[Contents] [Index] [Home] [Heuretics Defined] [Morphology of Method] [Genealogy of Mystory] [Student Mystories] [Signature Experiment]

Writing Mystory

"Mystory" is Gregory Ulmer's coinage for an emerging, hybrid genre. It dramatizes the shift that occurs when writers forground invention (heuretics) instead of interpretation (hermeneutics).

Constructing a mystory, Ulmer suggests, helps us anticipate or actually invent a rhetoric or poetics for electronic space, for it leads us to practice the "picto-ideo-phonographic writing" fostered by electronic technology and theorized by Derrida. Of his own experiments with mystory (many of which are published at his homepage), Ulmer writes:

They were designed to simulate the experience of invention, the crossing of discourses that has been shown to occur in the invention process. Realizing that learning is much closer to invention than to verification, I intended mystoriography primarily as a pedagogy. The modes of academic writing now taught in school tend to be positioned on the side of the already known rather than on the side of wanting to find out (of theoretical curiosity) and hence discourage learning how to learn. (1994: xii)

Mystory, then, is not intended to simulate a "real life" writing experience; it is not a lesson in narrative, this year's way to encourage student writers to share personal experiences. Rather, mystory should be regarded as a laboratory experiment, a pedagogical exercise that requires students to practice the art of speculation and invention.

Instead of concerning themselves with topography--with revisiting the places or topos traversed by storytellers--mystorians chorograph. Between being and becoming, chora--a word developed by Plato in Timaeus and defined by Francis Cornford as "space" or "receptacle"--is maddeningly resistant to interpretation (1994: 63). Still, through a route that I shall not retrace, Ulmer finds a powerful simile for chora in the musical term "riff," and he recommends that mystorians learn to write with patterns that function more like music than like concepts" (1994: 91).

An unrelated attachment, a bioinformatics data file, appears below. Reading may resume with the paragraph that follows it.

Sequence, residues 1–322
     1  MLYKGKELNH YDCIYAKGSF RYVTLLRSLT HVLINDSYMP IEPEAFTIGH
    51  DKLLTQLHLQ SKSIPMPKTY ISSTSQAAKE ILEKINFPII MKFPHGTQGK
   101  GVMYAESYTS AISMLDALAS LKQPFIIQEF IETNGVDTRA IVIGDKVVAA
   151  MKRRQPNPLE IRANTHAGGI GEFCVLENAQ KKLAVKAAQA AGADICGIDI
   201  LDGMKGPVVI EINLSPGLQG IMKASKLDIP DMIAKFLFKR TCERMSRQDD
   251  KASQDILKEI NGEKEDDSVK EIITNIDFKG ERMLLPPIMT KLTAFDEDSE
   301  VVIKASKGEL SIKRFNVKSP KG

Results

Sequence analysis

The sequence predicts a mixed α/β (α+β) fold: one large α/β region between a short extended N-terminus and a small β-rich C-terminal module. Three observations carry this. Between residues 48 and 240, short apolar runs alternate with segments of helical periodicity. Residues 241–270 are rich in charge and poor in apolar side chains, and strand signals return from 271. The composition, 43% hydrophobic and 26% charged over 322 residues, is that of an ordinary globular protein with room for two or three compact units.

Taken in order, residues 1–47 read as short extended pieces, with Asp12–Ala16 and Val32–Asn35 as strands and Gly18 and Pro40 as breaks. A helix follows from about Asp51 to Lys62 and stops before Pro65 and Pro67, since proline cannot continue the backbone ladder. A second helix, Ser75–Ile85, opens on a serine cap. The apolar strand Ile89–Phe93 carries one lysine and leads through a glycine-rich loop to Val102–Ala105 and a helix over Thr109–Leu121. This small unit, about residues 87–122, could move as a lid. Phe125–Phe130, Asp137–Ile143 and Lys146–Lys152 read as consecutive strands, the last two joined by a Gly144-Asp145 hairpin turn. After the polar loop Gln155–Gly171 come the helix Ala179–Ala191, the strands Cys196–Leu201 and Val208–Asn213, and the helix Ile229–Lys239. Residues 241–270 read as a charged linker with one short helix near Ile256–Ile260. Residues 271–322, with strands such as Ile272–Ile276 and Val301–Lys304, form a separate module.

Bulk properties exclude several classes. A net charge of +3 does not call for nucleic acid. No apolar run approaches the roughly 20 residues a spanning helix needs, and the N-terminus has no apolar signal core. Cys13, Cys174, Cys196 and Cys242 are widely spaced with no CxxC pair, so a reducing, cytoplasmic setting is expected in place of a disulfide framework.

Eureka! James Sears was a chorographer. He forsook melody and harmony for riffs, the endlessly repeated rhythmic figures of James Brown. Or as Barthes might have put it: James symbolically dropped the sequential codes that order classical narratives--codes that reveal truth and codes that coordinate actions--for the reversible codes that characterize modern texts (1974: 29). Ulmer would simply say that James found an alternative to "the logic of classical reasoning" and "the interest of problem solving" (1989a: 50). Instead of playing the role of analyst or cultural critic, he served as a channel, patterning and relaying information. He is emblematic of the cyberwriter.

    But the question remains. How exactly does one make a mystory? What follows is a recipe:

  1. Appropriate a popular icon, a figure become mythical, as an object of study (e.g., James Brown).

  2. In the form of an anecdote or short skit (perhaps modeled after a scene from a medieval "saints" play), write out his/her/its story.

  3. Research the icon in detail. Mystorian and jazz musician John Zorn says to "read books and articles, look at films, TV shows, and photo files, listen to related recordings, etc." (1987: 9).

  4. Sift through the materials accumulated. Pick out an image, one that is especially striking. ("Riff" is a good example.) Set it aside; let it ferment.

  5. Compose a ground-zero narrative. Model it after the scene, in The Commitments, where band members respond to James Brown performing on the T.A.M.I. Show. Compare it, also, with my anecdote about James Sears. Your ground-zero story should tell how you, the mystorian, first learned about and became interested in your icon. More importantly, it should dramatize how, for all intents and purposes, this icon called or solicited your attention and affections. (Louis Althusser's labels this process "interpellation"; individuals are constructed as subjects when they answer the call of ideology.)

  6. Allow the image selected in Step #4 to ferment long enough and it will become readable as a grammalogue (a trope or metaphor one can write with). It will suggest a specific method of arrangement.

  7. Rewrite the story composed in Step #2. Using all of the materials gathered (including the ground-zero anecdote), order them in a manner suggested by the grammalogue. This means that you should follow "pictogrammatical," not ratio-analytical, logic. Treat your grammalogue as a hieroglyph or rebus that confuses the verbal and the visual.

To find out even more about mystory, see: